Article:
Social media use in higher education comes with a multitude of legal concerns. Today’s students may be digital natives, but that does not mean they will always use social media appropriately or professionally. Institutions need to be ready to respond immediately to specific incidents, such as students who are threatening to harm themselves or others. And since social media are constantly evolving, institutions also need broad-spectrum policies and codes of conduct capable of addressing emerging legal issues.
Under the Violence Against Women Reauthorization Act (VAWA), the term “sexual violence” includes dating violence, domestic violence, and stalking—and colleges and universities are now required to train students and employees to prevent and respond to all these offenses.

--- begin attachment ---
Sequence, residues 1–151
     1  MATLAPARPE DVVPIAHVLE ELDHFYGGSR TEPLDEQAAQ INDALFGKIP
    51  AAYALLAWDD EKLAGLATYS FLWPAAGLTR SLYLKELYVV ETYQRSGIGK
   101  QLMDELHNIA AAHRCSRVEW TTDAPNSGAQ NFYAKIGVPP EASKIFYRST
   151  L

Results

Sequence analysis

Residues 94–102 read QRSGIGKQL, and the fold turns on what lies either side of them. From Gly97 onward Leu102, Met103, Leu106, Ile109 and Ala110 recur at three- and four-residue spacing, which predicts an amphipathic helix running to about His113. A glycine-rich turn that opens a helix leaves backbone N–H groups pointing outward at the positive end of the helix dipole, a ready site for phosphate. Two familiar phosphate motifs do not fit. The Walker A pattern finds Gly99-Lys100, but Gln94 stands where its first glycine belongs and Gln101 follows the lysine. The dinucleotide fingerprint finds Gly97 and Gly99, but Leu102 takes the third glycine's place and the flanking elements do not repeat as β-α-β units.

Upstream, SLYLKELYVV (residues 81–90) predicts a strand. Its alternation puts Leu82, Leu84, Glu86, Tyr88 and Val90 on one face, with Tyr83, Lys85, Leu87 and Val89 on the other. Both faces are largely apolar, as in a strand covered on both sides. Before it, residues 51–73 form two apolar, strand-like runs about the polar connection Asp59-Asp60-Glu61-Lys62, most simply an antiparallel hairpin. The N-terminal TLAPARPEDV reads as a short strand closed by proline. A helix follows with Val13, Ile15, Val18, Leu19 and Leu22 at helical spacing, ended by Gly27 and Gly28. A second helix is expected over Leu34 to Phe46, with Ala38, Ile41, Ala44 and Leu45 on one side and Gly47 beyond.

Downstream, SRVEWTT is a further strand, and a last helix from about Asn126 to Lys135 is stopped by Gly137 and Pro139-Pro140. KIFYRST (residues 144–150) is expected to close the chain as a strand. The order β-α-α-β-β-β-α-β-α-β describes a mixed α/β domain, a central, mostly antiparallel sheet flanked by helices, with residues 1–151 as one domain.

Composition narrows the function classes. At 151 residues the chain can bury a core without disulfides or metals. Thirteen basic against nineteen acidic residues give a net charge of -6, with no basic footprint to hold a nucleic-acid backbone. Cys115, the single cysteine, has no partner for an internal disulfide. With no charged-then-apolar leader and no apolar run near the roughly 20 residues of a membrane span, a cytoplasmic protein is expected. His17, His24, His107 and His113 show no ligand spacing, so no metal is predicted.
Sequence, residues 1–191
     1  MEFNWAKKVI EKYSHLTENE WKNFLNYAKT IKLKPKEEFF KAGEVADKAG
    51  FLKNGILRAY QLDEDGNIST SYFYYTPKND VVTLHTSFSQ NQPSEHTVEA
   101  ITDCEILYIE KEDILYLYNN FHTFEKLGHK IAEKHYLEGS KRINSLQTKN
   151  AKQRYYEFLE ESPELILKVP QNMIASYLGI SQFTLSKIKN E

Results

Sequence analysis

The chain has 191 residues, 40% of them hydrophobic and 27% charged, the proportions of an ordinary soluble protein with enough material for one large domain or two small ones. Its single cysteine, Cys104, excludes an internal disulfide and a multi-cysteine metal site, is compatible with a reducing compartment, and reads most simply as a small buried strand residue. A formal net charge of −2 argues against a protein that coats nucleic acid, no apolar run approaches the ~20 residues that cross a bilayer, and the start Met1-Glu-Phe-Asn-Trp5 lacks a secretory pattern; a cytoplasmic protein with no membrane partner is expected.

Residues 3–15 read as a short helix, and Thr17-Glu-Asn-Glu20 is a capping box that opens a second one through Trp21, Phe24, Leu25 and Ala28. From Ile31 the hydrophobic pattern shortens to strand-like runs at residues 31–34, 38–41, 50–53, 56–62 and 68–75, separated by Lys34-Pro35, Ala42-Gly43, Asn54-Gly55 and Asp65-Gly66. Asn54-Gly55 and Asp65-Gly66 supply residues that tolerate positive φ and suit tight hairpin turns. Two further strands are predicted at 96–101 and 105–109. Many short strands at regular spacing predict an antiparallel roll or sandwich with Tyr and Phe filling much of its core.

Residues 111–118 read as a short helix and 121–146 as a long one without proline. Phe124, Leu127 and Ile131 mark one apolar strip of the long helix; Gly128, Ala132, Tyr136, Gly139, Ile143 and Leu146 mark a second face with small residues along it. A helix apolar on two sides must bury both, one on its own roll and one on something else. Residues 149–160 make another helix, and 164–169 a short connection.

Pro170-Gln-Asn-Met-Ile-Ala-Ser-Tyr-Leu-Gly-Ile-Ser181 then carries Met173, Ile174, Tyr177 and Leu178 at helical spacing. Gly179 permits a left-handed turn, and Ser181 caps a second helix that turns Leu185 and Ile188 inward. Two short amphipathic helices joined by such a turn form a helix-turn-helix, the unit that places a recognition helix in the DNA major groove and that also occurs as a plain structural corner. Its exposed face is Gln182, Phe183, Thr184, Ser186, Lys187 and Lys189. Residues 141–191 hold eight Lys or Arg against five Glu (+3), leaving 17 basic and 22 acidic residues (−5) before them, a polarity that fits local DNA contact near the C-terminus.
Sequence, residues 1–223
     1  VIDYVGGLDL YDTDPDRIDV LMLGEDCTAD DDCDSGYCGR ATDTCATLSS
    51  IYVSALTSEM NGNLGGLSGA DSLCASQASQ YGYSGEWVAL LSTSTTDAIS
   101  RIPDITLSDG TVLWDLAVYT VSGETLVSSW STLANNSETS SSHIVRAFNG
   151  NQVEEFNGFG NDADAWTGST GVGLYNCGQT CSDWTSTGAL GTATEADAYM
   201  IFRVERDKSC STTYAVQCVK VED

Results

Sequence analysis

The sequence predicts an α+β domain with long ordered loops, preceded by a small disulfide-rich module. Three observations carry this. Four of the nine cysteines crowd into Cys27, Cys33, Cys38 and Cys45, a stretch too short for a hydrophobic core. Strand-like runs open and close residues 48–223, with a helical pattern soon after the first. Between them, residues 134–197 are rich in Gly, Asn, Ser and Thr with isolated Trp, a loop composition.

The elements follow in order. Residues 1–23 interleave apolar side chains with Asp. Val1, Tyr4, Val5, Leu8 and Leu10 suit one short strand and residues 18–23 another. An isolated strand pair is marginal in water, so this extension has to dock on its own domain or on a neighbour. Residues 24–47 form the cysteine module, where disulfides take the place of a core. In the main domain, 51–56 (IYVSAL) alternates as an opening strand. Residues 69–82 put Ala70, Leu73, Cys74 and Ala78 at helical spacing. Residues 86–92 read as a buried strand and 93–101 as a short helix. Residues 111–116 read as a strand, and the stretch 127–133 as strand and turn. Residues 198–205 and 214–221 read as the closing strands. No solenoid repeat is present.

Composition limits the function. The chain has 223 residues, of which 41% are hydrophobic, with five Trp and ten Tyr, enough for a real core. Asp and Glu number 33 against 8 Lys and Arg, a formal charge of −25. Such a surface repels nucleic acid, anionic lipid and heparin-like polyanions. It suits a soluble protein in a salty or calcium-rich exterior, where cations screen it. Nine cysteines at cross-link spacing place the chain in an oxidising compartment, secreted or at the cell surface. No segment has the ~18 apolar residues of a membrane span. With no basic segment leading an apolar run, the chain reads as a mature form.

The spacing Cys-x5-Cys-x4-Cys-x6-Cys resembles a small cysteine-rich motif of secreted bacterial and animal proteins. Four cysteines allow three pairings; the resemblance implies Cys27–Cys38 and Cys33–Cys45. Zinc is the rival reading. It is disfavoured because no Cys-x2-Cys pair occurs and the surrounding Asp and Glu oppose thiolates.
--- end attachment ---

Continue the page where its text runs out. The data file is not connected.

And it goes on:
Even though attending college is a special time in an individual’s development, college days aren’t always “the best years of your life” for everyone. The combination of academic, social, and financial pressures students experience can be overwhelming, and multiple studies have shown just how emotionally challenging higher education can be.
We all want campuses where safety and mutual respect rule the day—and that’s the heart of the guidelines from the Department of Education’s Office for Civil Rights regarding Title IX, sexual harassment, and sexual violence. And that’s where we stand…